By BOB OLIVER
DEARBORN — The English Language Institute at Henry Ford Community College had been steadily growing for a dozen years, but program restructuring last year has caused a noticeable bounce in enrollment numbers.
The ELI was originally started at the college in 2001 with nine students and two full-time directors. The mission of the program was to offer intensive English instruction to non-native speakers of the language.
It served as an independent entity on campus before changes last year brought it under the umbrella of the Communications Division.
“In the past, the ELI reported directly to the vice president of Academic Affairs of Arts and Sciences,” HFCC Vice President of Academic Affairs Tracy Pierner said. “When we restructured last year we felt that that program would be better served if it was led by a group of people who had a lot more experience at the classroom level.”
HFCC Associate Dean of Communications Katherine Grahl said her department immediately went to work reorganizing the program after being given control in July.
She said changes that went into affect for the Fall 2013 semester included revamped scheduling, updated textbook selections, realigned credit hours and a review of the qualifications for any adjunct professor working in the program.
The ELI now offers six levels of English instruction ranging from beginning to high intermediate. After students successfully complete the sixth level they are allowed to move on to a “bridge” semester at HFCC where they can take two additional developmental courses in reading and writing before enrolling in college’s lowest level college writing course.
The program has also seen a rise in student numbers. In the Fall 2013 semester, the first since the reorganizing, the program had 187 students being taught by 18 adjunct professors. That was 23 more students than the Winter 2013 semester and 51 more than the Fall 2012 semester.
Grahl said the college saw a gradual rise in student numbers in the program from 2001 until the Fall 2011 semester, when numbers spiked for two straight semesters before going back down.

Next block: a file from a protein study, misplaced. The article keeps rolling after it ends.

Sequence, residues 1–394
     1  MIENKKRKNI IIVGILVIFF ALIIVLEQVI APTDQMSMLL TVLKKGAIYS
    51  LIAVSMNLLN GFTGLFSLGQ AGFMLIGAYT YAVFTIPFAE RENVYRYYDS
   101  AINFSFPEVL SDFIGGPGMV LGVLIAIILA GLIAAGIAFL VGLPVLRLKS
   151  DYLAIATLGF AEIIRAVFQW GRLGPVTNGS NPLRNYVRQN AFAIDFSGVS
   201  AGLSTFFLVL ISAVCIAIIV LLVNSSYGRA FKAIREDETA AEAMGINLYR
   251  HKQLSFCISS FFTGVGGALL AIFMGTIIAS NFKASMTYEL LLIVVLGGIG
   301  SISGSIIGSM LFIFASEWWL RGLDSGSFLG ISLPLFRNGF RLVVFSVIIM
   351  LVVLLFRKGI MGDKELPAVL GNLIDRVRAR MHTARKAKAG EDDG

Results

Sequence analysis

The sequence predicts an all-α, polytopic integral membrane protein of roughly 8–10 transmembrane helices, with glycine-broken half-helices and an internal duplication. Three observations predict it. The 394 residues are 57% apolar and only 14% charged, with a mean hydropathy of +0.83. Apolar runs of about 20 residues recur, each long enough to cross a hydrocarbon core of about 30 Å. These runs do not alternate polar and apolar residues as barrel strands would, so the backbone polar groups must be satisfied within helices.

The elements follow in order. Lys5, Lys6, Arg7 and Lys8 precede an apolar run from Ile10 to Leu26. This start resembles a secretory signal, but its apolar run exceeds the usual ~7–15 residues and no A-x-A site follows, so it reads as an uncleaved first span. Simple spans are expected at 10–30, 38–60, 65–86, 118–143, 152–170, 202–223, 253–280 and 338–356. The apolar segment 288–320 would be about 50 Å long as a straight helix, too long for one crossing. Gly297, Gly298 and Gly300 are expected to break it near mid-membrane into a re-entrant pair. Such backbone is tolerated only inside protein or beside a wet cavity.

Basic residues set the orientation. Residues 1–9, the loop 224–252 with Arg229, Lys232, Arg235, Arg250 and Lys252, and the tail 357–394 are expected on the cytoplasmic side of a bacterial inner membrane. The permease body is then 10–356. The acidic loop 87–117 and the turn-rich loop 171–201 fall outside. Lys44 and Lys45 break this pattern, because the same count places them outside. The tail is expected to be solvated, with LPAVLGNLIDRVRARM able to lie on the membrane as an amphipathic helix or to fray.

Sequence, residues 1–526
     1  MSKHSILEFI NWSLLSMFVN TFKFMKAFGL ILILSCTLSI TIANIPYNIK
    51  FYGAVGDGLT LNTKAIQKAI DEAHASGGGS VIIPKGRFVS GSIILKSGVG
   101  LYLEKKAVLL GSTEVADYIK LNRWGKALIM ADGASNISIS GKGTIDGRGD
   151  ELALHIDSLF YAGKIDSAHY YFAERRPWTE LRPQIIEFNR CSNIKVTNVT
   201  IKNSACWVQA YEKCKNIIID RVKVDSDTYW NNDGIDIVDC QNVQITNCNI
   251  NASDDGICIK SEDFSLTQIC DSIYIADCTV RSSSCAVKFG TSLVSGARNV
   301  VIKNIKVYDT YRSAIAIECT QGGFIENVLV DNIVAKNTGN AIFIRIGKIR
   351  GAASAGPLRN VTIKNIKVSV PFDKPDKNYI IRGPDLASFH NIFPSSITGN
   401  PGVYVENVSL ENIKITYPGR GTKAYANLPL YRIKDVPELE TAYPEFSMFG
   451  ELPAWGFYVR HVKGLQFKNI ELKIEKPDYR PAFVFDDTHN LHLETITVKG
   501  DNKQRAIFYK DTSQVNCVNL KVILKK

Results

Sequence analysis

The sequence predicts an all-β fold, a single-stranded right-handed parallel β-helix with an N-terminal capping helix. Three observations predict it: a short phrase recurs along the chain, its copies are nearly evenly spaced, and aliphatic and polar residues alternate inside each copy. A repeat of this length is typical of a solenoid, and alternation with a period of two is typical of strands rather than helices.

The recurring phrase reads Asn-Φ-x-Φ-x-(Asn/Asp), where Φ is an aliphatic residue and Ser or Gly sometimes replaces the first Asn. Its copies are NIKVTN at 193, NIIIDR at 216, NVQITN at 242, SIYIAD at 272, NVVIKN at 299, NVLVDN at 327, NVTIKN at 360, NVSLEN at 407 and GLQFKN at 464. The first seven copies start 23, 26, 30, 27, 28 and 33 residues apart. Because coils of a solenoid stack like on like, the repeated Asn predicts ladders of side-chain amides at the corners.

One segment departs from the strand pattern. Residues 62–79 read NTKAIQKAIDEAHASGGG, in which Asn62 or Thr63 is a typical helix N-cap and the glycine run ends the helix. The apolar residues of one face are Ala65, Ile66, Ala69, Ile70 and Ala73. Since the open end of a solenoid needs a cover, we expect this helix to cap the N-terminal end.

“The spike could have been caused by a number of factors,” Grahl said. “Our enrollment as a college was at an all-time high of 20,000 students then and there was an influx of students from Oman that entered the program in the fall, so there were reasons for the spike.”
For the Winter 2014 semester that is ongoing, the ELI has grown to 220 students and the college has added five more adjunct faculty members to accommodate them.
All without a marketing campaign.
“We didn’t even advertise the program between the semesters because we were busy restructuring and reinventing,” HFCC Communications Academic Coordinator Lori Slaber said. “It was all word-of-mouth from current and former students.”
Slaber has been an instructor at HFCC for 10 years and has taught language courses in English, French, German and Spanish. She previously worked as an adjunct professor in the ELI.
Slaber said that 75 percent of the students in the ELI are from the local community with the remaining 25 percent attending on international visas.
She added that though the students are living in the community, they are from wide-ranging backgrounds and locations, including countries as far away as Yemen, Iraq, Lebanon and even three students from China.
“It is very interesting to discover the background of these students,” Slaber said. “We even have one student who was born in the United States and has lived here her entire life but still needs coursework in English as a Second Language because in her house they do not speak English.”
Grahl said the job of reorganization is not finished as curriculum is being redesigned, the institute’s ESL Compass placement scores are being recalibrated and alternative or additional placement exams are being explored for future semesters.
Grahl also said the ELI is beginning the process of seeking national accreditation from the Commission of English Language Program Accreditation.
“We would really like to have that standard and stamp of approval for the program,” Grahl said. “The CEA have only accredited only four schools in Michigan and they are all universities.”
The CEA accredited schools in Michigan are Eastern Michigan University, Michigan State University, Western Michigan University and the University of Michigan.
Grahl said the CEA has 11 mission standards that they review from applicants and that within those standards there are 44 separate elements that HFCC would have to meet to be accredited.
“It’s an involved process and it will probably take us at least a year to attain it, but we are committed to working toward our goal of accreditation,” Grahl said.
She added that the goal is to give the “best opportunity possible” to the students trying to learn the English language.
“Students are so motivated and dedicated and I am really happy that we can provide something that will help them on their way to achieving their goals and dreams,” Grahl said. “I’ve been saying for many years that our ESL courses are the best kept secret on campus and I still feel that way.”
(Bob Oliver can be reached at [email protected])